stationary, and the continent moving
(figure b below)

Which interpretation is correct? What happens if you sample rocks


from a different continent?

Rocks of the same age from different continents record two different magnetic
poles! In green is shown where rocks from Eurasia say the magnetic pole
should be, and in red are the data points from North America. Obviously,
there is only 1 magnetic pole, so if you move the continents together, the
lines tracing the location of the magnetic pole through time for these two
continents coincide. Thus, it must be the continents that moved, not the poles!

Outcome: that the paths did not match, therefore, movement or the poles
was not occurring.

However, when the continents were rotated together (as Wegener


suggested) the paths did match.

Therefore, poles were fixed and continents moved and were once combined
to form a supercontinent.

Just as Alfred Wegener had


predicted!
Even this evidence wasnt enough to convince the geological community that
the continents moved.

Continental Drift
First evidence: The jigsaw fit of the outline of the
continental margins.
Frances Bacon (1620): while reviewing the first maps of
the coastlines of Africa and South America noted that the
outlines of the continents appear as if they could fit
together.

In 1858 Antonio Snider-Pellegrini made the following


before and after maps of South America and Africa.

This jigsaw fit of continental


margins is best when the outline
is the edges of the continental
shelves.

Frances Placet (1668) was the first to suggest that the


continents were actually fixed together as suggested by
their outlines.
Suggested that the continents had been torn apart by the
biblical flood.
Alfred Wegener became the father of continental drift
by amassing considerable supporting evidence that the
continents moved over time.
Born:
Germany, 1880
PhD:
Astronomy
Profession: Meteorologist and Greenland Explorer.
Died:
1930
In 1915 Wegener published his work in The Origin of the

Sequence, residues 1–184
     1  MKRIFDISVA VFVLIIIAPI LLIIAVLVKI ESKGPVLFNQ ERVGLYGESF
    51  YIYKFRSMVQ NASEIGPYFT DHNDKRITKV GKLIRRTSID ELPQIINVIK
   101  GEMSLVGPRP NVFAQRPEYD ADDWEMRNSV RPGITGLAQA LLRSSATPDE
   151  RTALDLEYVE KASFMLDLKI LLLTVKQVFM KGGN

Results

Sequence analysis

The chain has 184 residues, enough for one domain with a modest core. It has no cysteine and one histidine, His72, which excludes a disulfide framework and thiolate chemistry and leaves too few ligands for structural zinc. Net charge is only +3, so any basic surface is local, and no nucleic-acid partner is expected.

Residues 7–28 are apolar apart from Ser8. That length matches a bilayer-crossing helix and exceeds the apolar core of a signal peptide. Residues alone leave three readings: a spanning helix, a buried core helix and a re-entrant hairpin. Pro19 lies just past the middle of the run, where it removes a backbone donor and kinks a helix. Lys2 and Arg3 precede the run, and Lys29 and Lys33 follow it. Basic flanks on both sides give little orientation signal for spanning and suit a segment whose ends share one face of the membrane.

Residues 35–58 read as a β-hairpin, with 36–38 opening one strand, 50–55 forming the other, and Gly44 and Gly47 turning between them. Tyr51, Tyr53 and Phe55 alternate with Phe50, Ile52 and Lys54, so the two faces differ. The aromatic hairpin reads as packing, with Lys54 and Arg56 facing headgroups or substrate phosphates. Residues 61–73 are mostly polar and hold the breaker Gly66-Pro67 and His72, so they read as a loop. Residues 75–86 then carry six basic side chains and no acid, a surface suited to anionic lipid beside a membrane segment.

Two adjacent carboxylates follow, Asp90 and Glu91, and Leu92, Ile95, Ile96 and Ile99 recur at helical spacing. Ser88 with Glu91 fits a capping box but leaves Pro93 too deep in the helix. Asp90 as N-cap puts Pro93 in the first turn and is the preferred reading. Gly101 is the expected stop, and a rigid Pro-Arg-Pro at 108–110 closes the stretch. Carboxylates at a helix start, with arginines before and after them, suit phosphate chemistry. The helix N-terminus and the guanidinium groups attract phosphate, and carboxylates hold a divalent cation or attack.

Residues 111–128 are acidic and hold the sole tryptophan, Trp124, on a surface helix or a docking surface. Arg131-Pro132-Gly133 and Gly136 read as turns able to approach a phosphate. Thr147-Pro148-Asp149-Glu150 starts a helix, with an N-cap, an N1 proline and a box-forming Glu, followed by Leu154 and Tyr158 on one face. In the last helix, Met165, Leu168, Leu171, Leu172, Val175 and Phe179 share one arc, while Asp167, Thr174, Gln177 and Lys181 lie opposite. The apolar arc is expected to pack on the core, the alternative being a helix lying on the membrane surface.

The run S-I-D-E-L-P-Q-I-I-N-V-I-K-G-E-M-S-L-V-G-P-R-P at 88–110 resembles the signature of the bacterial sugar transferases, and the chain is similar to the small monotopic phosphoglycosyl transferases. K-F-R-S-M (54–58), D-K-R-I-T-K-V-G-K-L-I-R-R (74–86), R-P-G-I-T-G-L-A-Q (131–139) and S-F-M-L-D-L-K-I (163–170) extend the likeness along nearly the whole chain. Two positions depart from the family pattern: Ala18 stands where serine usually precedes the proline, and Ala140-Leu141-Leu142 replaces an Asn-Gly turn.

Continents and Oceans.

Wegeners Evidence:
The presence of fossils only over small areas of now
separate continents (how did they get from continent to
continent?).

Paleoclimate evidence
In the modern world
glaciers are found near
the north and south
poles.
Deserts are largely
found in bands that are
parallel to the equator.
Extensive reef
complexes lie along the
equator.

Desert deposits and reefs that


are several hundred million
years old are found in bands
that suggest the equator was
oriented as shown on the left.

If we assume that the poles


and equator are fixed, the
continents must have been in
different positions as shown
on the left.

Glacial deposits,
including structures
that indicate ice flow,
direction are located
in ancient rocks as
shown on the left.

Wegener suggested
that the pattern
formed with
continents together
at the south pole.

Ancient cratons within continents match up when they


are brought together like a jigsaw puzzle.

Polar reversals

RMS of rocks only a few thousand years different in age indicates poles in
reverse positions (e.g., north pole in the south, south pole in the north).

Suggests that poles reverse periodically.

Normal Polarity: poles as they are today.

Reverse Polarity: poles in reverse position compared to today.

Such reversals are attributed to variation in convection in the outer core.

The data can also be interpreted to describe the details of a reversal:

Intensity rises to earlier level;


inclination rises to original angle but
reversed.

Inclination angle decreases rapidly


and intensity drops to near 0.

Inclination constant but intensity


decreasing with time.

A reversal takes a total


of 10 to 20 thousand
years*.

Actual flipping of the


poles takes only 10002000 years.

The field is lost as the


intensity drops to 0; it
comes back with flipped
poles.

*The last reversal took 1000 years at the equator but 10,000 years at
midlatitudes.

Due to the inherent instability of the


geodynamo.
Over long periods of geologic time the poles
have reversed thousands of times.

Certain periods of geologic time are dominated


by normal or reversed polarity whereas others
are periods of mixed polarity.

We live in a period when polarity is reversing, on


average, every 250,000 years.

Over the past 600 million years the time between reversals varied from
5,000 years to 50 million years.

Is the Earths magnetic field polarity


currently reversing?

The last polar reversal took place nearly 800,000


years ago.

We are overdue given the average time between


reversals over the past several millions of years.

Evidence for a decline in magnetic field intensity:

6.4% reduction in intensity


Over 100 years.

Extrapolating the current trend to the future suggests that the field intensity
will reach zero in approximately 1500 years (i.e., the poles will reverse).

The magnetosphere
Solar wind = charged
particles ejected from
the Sun
Magnetosphere = a zone
of charged particles
trapped by Earths
magnetic field
Magnetotail = portion of a
magnetosphere that is
pushed away from the sun
by the solar wind

Magnetic Fields in Space


Earths magnetic field extends 7-10 times the
earths diameter outward from the earth.